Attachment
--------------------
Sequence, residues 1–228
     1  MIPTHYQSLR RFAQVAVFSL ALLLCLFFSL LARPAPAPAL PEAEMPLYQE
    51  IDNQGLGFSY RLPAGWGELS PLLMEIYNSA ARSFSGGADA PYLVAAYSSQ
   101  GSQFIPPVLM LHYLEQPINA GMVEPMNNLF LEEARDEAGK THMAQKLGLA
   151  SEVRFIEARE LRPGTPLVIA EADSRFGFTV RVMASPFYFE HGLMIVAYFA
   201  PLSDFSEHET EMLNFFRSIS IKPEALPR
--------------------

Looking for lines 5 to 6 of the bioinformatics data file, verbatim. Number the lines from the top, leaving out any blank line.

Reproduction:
   151  SEVRFIEARE LRPGTPLVIA EADSRFGFTV RVMASPFYFE HGLMIVAYFA
   201  PLSDFSEHET EMLNFFRSIS IKPEALPR